Sound of Gods voice -
true Scripture interpretation
Arrcura asked this question on 10/26/2000:
What is the sound of the Lord?
Please take a look at what scripture says beginning at Gen. 3:8. And they heard the sound of the Lord God walking in the garden in the cool of the day, and the man and his wife hid themselves from the presence of the Lord God among the trees of the garden. But the Lord God called to the man, and said to him, "Where are you?" And he said, "I heard the sound of thee in the garden, and I was afraid, because I was naked; and I hid myself." He said, "Who told you that you were naked? Have you eaten of the tree of which I commanded you not to eat?" The man said, "The woman whom you gave to be with me, she gave me fruit of the tree, and I ate." (RSV)
Do we suppose that they heard the crunching of leaves and the snapping of twigs as God walked among the trees of the garden? No I think not. The Hebrew word for sound or voice is "gol". So Adam and Eve heard the gol of the Lord. And what kind of sound does God make? Psalm 29 tells us beginning at verse 3,
The "gol" of the Lord is upon the waters; the God of glory thunders, the Lord, upon many waters. The "gol" of the Lord is powerful, the "gol" of the Lord is full of majesty. The "gol" of the Lord breaks the cedars, the Lord breaks the cedars of Lebanon. He makes Lebanon to skip like a calf, and Sirion like a young wild ox. The "gol" of the Lord flashes forth flames of fire. The "gol" of the Lord shakes the wilderness, the Lord shakes the wilderness of Kadesh. The "gol" of the Lord makes the oaks to whirl, and strips the forest bare;
Is it any wonder why Adam and Eve might hide? Not only were they ashamed that they were naked, Such a racket of the sound of God would cause most everyone to seek shelter or hide from it.
But what seems odd about this episode? God, the ultimate power and knowledge asks questions as if he did not know where Adam and Eve were or what they had done. Also what of Adam? Did he protect Eve from the serpentís beguiling? He was there, right beside her for she just turned and gave some of the fruit to him and he ate.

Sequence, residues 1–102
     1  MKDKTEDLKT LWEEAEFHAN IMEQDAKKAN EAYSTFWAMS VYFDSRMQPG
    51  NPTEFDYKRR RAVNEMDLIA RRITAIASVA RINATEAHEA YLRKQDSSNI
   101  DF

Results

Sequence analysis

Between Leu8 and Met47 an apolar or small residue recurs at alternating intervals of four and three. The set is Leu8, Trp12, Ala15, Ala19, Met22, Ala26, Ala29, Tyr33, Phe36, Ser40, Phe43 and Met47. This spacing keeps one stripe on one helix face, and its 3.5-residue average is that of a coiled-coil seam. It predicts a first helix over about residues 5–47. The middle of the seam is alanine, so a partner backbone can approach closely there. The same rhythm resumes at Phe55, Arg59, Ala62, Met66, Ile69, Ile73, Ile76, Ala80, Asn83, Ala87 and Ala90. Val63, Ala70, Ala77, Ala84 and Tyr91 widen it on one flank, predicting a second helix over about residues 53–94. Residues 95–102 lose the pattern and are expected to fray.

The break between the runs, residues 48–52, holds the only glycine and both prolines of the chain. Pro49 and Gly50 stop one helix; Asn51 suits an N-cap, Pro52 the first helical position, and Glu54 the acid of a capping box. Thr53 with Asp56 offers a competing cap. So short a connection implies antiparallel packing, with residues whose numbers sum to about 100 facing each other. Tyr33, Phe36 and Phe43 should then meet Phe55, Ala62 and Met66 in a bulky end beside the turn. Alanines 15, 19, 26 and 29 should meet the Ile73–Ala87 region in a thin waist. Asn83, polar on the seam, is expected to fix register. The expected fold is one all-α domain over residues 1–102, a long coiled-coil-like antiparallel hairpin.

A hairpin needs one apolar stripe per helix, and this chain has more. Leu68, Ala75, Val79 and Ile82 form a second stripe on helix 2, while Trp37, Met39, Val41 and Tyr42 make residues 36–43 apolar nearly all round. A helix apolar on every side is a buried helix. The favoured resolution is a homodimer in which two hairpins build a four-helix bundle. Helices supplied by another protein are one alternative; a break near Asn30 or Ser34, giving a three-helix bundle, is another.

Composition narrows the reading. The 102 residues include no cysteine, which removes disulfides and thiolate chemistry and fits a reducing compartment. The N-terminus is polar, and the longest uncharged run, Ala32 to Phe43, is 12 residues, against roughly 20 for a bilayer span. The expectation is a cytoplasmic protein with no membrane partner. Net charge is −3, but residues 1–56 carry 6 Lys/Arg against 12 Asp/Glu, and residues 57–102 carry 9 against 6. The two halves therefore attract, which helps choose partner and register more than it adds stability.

Some protector and helper this guy Adam was. He even blamed the woman for his foolishness (and also God) when he answered the Lordís question if he ate of the tree saying, ""The woman whom you gave to be with me, she gave me fruit of the tree, and I ate."
Doesnít it seem that these two humans were kind of dumb to be fooled so easily by the serpent. Would God have created man and woman to be this gullible? Or was there more intimidation, or pressure on them than that? The Bible tells us that Satan is "the serpent, that dragon."
We often see pictures of a snake hanging from a tree limb talking with eve. Rethinking as we reread what this passage says would it be more accurate to picture a dragon standing near or beneath the tree with both Adam and Eve cowering while listening to the big serpent twisting their thoughts?
After all the serpent does not become a snake until after God curses it and says that from now on it would crawl on itís belly.
What is your analysis of this Biblical story?
The joy of the Lord be in your heart.
I read your interpretation and at the end I found myself unhappy with your analysis. Why? After reading it twice I think I found the reason.
I ask permission to explain some fundamentals before giving the reasons for my dissatisfaction.
You know that especially exegesis of Scripture is a very hazardous thing. Exaggerating a bit to make the point: At the end itís one big hypothesis, a composition of millions of theories. I donít want to denigrate the gigantic effort of those dedicated man and women! Their effort is necessary and very useful. But if we remain in the realm of literal and historic exposition arenít we missing the point? All Scripture wants to advance revelation. Of what? Of the history of salvation.